Friday, September 11, 2015

The Civil War Was About Money & Monuments Are Silent and Don't Endorse or Promote Racism

It is easy for those who have not studied the war for themselves to say it was just about slavery. However, students of the war know it is far more complicated than that.

It was about the economy of slavery. True, had there not been slavery, there may not have been a war. Had there been modern farm machinery there would not have been a need for slaves. But this was a primitive time.

The entire country, both North and South, participated wholly in the slave economy. Had it not been for the cotton exports after the Revolutionary War, America could have well been a third world country. Cotton was the cash cow, and it was labor intensive. America was producing 3/4 of the world’s cotton. Cotton was the only commodity ever given a name by Wall Street—King Cotton.

Cotton was the single largest export and NYC was the financial capital of the vital product. Northern slave ships brought the slaves to our shores with great profits for Rhode Island investors. Connecticut insurance companies insured the plantations. The countries greatest asset was the four million enslaved African Americans with a value then of $3.5 billion producing 4.5 million bales of cotton.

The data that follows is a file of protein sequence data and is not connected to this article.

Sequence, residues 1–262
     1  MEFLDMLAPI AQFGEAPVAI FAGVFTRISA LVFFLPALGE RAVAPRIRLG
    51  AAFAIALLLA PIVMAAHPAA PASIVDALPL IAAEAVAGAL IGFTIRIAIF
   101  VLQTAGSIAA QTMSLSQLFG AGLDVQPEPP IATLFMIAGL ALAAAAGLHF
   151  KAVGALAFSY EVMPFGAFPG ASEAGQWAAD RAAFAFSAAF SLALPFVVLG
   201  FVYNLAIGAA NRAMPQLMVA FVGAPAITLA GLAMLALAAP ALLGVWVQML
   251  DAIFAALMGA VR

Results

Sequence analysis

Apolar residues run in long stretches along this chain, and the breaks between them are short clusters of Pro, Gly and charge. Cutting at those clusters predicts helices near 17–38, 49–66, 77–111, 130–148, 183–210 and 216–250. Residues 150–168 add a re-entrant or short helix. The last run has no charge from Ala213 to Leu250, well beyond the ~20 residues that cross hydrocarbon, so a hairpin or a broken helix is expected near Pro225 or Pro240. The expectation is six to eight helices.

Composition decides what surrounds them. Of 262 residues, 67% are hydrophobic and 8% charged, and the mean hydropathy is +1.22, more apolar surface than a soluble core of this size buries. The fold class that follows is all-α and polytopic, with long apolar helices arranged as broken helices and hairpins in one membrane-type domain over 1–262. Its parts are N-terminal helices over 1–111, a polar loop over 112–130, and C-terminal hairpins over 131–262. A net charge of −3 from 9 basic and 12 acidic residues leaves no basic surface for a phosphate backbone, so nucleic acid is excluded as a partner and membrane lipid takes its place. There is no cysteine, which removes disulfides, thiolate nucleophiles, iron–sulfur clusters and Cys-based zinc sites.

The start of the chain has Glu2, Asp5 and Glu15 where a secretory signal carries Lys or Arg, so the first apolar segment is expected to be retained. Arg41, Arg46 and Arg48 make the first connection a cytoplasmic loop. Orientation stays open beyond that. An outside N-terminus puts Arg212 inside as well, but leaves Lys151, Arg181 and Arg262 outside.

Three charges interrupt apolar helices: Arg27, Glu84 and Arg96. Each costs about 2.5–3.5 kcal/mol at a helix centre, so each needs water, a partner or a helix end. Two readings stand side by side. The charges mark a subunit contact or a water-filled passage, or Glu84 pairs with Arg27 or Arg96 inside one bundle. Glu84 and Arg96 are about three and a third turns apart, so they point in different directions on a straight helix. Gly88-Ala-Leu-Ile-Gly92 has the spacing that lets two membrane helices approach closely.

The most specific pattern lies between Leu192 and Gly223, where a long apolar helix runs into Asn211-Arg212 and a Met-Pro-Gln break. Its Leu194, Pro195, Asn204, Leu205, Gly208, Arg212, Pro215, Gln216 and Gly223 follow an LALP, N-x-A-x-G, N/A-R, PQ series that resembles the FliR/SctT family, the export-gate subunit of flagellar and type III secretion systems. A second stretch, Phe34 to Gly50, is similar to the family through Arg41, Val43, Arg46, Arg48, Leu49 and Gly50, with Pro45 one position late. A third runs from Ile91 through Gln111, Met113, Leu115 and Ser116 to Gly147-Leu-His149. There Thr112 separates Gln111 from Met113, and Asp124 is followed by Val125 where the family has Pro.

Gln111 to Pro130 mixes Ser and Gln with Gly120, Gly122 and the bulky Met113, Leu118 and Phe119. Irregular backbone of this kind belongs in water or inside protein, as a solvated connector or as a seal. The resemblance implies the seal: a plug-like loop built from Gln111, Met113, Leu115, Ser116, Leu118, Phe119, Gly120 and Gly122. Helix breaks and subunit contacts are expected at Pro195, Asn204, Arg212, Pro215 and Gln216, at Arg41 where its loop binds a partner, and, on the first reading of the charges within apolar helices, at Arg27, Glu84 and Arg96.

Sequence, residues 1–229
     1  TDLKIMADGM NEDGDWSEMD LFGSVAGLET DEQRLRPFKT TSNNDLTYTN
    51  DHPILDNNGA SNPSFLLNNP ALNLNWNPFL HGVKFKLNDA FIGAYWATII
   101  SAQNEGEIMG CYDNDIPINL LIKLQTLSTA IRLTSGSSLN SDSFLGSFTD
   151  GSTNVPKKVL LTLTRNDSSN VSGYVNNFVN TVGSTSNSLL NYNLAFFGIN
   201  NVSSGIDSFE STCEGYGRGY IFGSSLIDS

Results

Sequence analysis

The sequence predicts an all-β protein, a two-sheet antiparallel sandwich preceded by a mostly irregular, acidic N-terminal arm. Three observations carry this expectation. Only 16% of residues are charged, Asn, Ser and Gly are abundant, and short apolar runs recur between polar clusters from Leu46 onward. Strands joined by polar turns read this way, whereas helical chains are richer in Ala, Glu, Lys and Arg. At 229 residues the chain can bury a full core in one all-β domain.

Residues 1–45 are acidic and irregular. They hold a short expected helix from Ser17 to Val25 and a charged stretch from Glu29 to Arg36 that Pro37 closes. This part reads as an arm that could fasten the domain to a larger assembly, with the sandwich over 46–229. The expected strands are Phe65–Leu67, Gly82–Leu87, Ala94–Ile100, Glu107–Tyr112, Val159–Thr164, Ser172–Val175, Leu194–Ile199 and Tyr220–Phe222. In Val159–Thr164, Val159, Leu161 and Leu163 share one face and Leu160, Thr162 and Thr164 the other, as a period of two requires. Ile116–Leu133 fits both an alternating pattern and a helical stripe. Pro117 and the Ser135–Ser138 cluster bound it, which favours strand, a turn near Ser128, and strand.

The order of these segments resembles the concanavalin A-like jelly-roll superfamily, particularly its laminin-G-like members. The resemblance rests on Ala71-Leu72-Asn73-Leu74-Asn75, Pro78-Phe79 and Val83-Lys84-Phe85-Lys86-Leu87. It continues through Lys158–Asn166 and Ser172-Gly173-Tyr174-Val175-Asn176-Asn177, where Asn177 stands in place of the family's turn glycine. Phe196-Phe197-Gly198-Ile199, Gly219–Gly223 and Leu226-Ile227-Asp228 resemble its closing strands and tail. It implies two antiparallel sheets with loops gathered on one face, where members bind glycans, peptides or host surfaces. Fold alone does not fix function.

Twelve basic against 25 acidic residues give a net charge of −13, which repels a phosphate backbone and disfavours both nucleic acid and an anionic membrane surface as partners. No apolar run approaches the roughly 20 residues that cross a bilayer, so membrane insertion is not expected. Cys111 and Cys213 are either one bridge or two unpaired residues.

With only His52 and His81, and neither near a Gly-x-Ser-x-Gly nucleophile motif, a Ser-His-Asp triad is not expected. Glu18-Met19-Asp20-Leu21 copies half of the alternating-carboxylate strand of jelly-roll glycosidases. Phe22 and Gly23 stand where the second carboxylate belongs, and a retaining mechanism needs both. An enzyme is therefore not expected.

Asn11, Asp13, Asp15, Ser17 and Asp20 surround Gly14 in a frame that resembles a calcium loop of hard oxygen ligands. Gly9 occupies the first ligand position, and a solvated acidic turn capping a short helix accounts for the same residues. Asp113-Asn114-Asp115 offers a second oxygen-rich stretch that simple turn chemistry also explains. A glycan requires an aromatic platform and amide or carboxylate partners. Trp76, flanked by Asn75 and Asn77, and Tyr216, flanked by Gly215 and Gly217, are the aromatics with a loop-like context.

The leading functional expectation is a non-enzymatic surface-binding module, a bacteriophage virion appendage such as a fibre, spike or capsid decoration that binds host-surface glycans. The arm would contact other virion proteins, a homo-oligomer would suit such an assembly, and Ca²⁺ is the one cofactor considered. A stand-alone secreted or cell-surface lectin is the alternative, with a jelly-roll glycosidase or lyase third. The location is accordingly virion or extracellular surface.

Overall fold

There just simply were not enough people living in the country at this time to keep up with the demand for this time consuming product called cotton.

In the South, 25% of the population were slave owners—leaving 75% who were not. However, 100% of the households were affected by the war.

This is the story we should be telling and not erasing. There is plenty of blame and shame to go around, but there is also much pride and grit too. Together, through the good and despite the bad, people in the North and South, both slave and free, along with immigrants and Native Americans, created the best nation on earth. There is room for all to be proud together that our ancestors did this for us.

Monuments do not endorse or promote racism. Monuments do not attack or kill. They stand silent and graceful. They are a reminder for us to stop and reflect. They are beautiful public art, designed and crafted by artisans. If the monuments are torn down, then we lose much more than just a chunk of granite.
Complete article at Local Voice